"For know, alas, I’m dumb, alas I love”: Rhetoric of disability, female agency and tragedy in “The Dumb Virgin


  • Juan de Dios Torralbo Caballero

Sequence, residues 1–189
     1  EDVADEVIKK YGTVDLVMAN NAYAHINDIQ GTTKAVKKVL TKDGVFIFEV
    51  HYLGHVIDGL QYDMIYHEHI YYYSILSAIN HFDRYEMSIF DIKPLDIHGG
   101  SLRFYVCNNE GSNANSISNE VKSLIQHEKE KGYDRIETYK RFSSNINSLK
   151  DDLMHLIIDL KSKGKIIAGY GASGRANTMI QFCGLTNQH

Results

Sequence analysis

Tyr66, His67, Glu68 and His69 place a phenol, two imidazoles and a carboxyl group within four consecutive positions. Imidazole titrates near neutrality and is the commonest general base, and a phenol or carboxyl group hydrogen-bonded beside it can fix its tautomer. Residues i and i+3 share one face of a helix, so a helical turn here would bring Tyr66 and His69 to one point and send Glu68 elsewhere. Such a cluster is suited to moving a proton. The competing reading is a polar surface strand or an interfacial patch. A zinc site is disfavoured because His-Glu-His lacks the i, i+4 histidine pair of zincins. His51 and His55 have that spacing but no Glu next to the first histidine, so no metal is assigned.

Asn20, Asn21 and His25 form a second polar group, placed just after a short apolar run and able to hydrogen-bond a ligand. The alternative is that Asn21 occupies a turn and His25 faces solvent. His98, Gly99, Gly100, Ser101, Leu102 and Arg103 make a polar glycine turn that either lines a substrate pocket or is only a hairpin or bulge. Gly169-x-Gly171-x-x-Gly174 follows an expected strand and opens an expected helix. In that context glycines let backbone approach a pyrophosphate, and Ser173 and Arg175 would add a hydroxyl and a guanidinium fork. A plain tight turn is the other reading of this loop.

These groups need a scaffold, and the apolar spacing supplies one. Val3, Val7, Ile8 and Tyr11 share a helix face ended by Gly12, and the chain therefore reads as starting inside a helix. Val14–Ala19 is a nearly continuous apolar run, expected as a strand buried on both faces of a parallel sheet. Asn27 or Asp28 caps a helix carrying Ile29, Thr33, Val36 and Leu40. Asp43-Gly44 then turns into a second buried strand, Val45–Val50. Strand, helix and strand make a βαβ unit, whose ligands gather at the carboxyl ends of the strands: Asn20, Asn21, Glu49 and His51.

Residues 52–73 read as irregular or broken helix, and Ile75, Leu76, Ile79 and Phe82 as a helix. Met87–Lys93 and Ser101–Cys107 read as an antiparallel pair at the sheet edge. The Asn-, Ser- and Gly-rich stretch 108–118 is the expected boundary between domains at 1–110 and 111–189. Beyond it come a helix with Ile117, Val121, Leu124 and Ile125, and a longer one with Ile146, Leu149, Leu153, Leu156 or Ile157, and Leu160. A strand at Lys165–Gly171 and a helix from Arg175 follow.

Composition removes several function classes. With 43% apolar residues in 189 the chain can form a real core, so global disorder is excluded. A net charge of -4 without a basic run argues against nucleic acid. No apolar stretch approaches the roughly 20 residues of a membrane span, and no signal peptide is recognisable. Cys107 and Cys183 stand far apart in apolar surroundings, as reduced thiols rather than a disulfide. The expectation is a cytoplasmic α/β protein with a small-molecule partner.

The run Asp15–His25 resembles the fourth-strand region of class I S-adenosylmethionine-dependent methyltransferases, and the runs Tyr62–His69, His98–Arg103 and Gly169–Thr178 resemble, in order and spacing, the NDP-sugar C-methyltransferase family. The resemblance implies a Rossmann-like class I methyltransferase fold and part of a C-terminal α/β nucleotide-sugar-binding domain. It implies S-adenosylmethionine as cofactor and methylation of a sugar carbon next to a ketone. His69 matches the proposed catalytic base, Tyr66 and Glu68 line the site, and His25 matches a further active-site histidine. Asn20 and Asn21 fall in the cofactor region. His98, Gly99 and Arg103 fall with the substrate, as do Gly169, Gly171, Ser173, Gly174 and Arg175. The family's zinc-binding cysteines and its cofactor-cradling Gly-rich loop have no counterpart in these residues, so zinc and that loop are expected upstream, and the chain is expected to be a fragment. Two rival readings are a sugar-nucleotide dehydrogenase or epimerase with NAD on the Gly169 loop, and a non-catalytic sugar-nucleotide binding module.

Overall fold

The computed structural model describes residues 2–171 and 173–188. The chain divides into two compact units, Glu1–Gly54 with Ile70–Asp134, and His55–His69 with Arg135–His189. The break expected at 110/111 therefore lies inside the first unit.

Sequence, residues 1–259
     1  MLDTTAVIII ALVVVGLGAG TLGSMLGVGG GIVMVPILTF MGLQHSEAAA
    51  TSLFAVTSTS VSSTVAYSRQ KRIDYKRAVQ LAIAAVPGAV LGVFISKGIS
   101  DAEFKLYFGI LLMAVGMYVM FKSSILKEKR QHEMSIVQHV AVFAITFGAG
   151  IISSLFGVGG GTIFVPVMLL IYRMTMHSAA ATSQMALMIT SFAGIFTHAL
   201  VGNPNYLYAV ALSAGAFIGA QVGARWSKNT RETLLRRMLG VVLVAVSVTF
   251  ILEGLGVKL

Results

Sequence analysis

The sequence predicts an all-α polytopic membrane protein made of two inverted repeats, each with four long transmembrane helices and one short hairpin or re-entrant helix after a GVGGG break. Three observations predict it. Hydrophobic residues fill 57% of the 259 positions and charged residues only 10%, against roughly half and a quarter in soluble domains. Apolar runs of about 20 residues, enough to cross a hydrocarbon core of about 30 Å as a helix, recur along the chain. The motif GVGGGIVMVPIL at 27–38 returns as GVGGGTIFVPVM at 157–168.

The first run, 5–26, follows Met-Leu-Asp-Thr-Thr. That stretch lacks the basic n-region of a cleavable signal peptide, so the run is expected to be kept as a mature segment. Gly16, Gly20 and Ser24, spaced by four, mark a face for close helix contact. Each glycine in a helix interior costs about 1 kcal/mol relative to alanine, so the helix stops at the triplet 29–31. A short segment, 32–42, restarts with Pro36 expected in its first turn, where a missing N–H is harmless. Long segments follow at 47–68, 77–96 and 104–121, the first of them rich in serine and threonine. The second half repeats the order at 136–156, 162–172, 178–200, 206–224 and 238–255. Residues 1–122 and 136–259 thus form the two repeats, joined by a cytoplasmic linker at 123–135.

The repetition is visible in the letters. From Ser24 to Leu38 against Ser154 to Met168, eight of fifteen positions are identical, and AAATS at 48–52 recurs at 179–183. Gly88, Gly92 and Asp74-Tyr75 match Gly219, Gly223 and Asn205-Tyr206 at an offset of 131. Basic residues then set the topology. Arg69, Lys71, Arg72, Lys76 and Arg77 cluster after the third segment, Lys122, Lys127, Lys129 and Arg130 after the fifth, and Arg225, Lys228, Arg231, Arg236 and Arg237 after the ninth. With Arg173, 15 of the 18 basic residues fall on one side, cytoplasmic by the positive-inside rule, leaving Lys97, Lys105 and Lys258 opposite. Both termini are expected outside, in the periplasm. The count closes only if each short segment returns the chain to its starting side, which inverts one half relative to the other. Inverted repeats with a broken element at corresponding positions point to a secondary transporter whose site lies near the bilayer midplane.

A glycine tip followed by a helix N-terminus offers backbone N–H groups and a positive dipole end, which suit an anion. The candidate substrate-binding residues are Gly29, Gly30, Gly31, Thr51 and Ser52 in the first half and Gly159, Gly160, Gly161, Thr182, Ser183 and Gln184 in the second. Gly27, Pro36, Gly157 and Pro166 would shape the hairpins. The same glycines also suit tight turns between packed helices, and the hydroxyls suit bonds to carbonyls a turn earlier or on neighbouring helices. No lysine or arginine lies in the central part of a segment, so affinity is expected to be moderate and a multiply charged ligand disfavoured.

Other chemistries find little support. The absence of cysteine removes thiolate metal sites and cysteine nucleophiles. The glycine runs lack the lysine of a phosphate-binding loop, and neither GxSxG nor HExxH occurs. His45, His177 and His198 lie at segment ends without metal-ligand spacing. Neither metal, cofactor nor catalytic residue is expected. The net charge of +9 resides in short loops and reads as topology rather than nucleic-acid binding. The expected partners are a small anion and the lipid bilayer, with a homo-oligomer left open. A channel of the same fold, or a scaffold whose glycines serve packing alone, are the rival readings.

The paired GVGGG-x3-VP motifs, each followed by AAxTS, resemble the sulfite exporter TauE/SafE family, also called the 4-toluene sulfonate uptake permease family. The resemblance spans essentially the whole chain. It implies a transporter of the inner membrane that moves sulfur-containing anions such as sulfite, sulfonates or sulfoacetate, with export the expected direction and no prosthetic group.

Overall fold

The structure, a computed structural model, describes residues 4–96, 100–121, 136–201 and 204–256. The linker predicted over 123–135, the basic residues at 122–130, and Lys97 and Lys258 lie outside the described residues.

This essay will focus on the two sisters of "The Dumb Virgin; or, The Force of Imagination", addressing the crossover between disability studies, feminism and aesthetic theory. It will examine how art has the capacity to manipulate nature and how nature may be improved by the intervention of human industry. With this aesthetic duality, it will suggest that the writer reframes the concept of the normal body, establishing a rhetoric of deformity and disability through the characters of Belvideera and Maria, both of whom overcome their natural disabilities by means of personal effort. Lastly, it will investigate the misfortunes of several characters, paying particular attention to the educated nature of the two protagonists and how this poses a threat to the established order of society. The conclusion to be drawn from this is that their challenge to the social construct is directly responsible for the tragic climax of the narrative.


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